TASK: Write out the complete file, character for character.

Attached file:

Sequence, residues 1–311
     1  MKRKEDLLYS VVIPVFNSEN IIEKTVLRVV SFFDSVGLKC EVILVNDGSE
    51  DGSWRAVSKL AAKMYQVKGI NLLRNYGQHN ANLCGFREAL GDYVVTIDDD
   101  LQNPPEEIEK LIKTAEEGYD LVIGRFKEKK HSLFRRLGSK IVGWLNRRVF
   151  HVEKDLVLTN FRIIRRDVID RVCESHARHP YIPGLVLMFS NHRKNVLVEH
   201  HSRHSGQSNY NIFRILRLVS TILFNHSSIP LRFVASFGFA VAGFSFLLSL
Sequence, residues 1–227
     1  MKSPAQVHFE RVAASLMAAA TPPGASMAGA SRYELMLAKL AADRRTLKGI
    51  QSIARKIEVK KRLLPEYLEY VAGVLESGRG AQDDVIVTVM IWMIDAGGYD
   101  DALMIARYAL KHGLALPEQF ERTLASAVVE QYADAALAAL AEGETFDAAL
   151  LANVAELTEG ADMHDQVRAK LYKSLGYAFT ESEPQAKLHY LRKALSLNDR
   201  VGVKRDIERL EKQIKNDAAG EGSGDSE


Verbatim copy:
Sequence, residues 1–311
     1  MKRKEDLLYS VVIPVFNSEN IIEKTVLRVV SFFDSVGLKC EVILVNDGSE
    51  DGSWRAVSKL AAKMYQVKGI NLLRNYGQHN ANLCGFREAL GDYVVTIDDD
   101  LQNPPEEIEK LIKTAEEGYD LVIGRFKEKK HSLFRRLGSK IVGWLNRRVF
   151  HVEKDLVLTN FRIIRRDVID RVCESHARHP YIPGLVLMFS NHRKNVLVEH
   201  HSRHSGQSNY NIFRILRLVS TILFNHSSIP LRFVASFGFA VAGFSFLLSL
Sequence, residues 1–227
     1  MKSPAQVHFE RVAASLMAAA TPPGASMAGA SRYELMLAKL AADRRTLKGI
    51  QSIARKIEVK KRLLPEYLEY VAGVLESGRG AQDDVIVTVM IWMIDAGGYD
   101  DALMIARYAL KHGLALPEQF ERTLASAVVE QYADAALAAL AEGETFDAAL
   151  LANVAELTEG ADMHDQVRAK LYKSLGYAFT ESEPQAKLHY LRKALSLNDR
   201  VGVKRDIERL EKQIKNDAAG EGSGDSE